Traffic and transportation experts say the intention is good as the city lacks adequate public transport but say the two-year deadline is rather ambitious. “It will take about a year to draw up the plans properly as only feasibility reports have been done so far. So four years is a more realistic completion date but the mono rail is a necessity,” says one expert.

Others say the system will be an effective feeder service for existing bus networks and the Metro Rail which is under construction. “The mono rail can serve the suburbs well as it has great flexibility. Chennai needs different modes of transport which can be inter-connected seamlessly,” says K P Subramanian, former professor of urban engineering, Anna University.

It is also faster and easier to construct. “The mono rail is quick to construct and does not affect existing infrastructure. Unlike a bus rapid transport system or Metro Rail, you don’t have to acquire land or widen roads as the mono rail can be constructed along the medians of roads,” says transportation engineer and planner Mark Selvaraj of Landtech Engineers.

Source – Times Of India

Metro to run trains every 6 minutes

Metro to run trains every 6 minutes
Four-Car Rakes Will Start Operations In 2013, Carry 1,276 Commuters :

The first train of Metro may start running only in 2013, but Chennai Metro Rail has already chalked out a comprehensive traffic plan. According to the plan, Metro will operate four-car trains during peak hours at 6 minute intervals in the Koyambedu-St Thomas Mount stretch in 2013, and the Washermenpet-Little Mount-Chennai airport stretch and the Chennai Central-Koyambedu-St Thomas Mount stretch in 2014. The deadlines have been set for receiving the coaches, conducting trial runs, commencement of services on the elevated line and underground lines. The four-car metro will have a capacity to carry 1,276 commuters, including seating and standing. The frequency of the trains will be reduced to four minutes in the Washermenpet-Little Mount-airport stretch and the Chennai Central-Koyambedu-St Thomas Mount in 2016. Metro hopes that the patronage for services would increase by 2026. So, six-car trains would be operated in both the corridors, which would be ready by 2015 as per current estimates, said an official. Works are progressing briskly to build elevated stations and viaducts between Koyambedu and St Thomas Mount while metro is planning to award tender for the elevated line from airport to Officer’s Training Academy. The Koyambedu-St Thomas Mount stretch is 9 km long, while the Little Mount-Chennai airport stretch is 7 km. “We have a tentative schedule in place. The track will be completed and tests can be conducted by last quarter of 2012, and the pilot rake will come from a consortium of Alstom Transport SA and Alstom India Ltd by the end of the same year,” said a senior official. Metro rail would receive nine rakes in the beginning of 2013 while the rest of the 33 rakes will arrive by the end of 2014. Services would commence on the elevated stretch and the underground stretch only after conducting three levels of tests — dynamic test, a twomonth service trial and a month-long blank operation. Metro rail is in the process of identifying a contractor to carry out operations and maintenance of stations and lines. The contractor is expected develop the stations, carry out interior decorations, install passenger amenities like self-service kiosks, toilets, telecommunication services and others immediately after the stations are ready.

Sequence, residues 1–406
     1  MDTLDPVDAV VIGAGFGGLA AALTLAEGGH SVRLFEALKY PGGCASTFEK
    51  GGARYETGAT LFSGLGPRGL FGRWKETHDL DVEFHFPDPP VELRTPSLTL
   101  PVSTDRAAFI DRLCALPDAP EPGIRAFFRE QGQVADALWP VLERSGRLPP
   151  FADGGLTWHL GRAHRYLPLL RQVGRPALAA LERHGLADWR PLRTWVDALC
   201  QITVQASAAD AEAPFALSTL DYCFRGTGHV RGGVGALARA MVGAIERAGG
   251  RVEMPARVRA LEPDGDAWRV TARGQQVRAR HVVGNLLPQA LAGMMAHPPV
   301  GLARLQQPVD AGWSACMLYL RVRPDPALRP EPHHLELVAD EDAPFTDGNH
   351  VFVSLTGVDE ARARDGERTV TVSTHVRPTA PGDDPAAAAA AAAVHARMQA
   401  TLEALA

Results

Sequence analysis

Elevated road gets CRZ nod:

The Union Ministry of Environment and Forests, insisting on strict compliance with over 30 specific conditions, has accorded Coastal Regulation Zone (CRZ) clearance for construction of an elevated road from the Chennai port to Maduravoyal.

After scrutinising the documents submitted, the Expert Appraisal Committee had recommended CRZ clearance for the project subject to compliance with conditions, mostly during the construction phase.

As a precondition before starting work, the MoEF has ordered the setting up of a high-level advisory and monitoring committee under the chairmanship of the Chief Secretary and including secretaries of Environment and Public Works Department, experts and other stake holders.

The State Coastal Zone Management Authority would have to be fully involved in the monitoring process and during construction and operation.

Apart from obtaining all necessary clearances, the project proponents should ensure there was no hindrance to free flow of water in the Cooum river at any point of time and that necessary mitigating measures were in place against adverse impact on water bodies.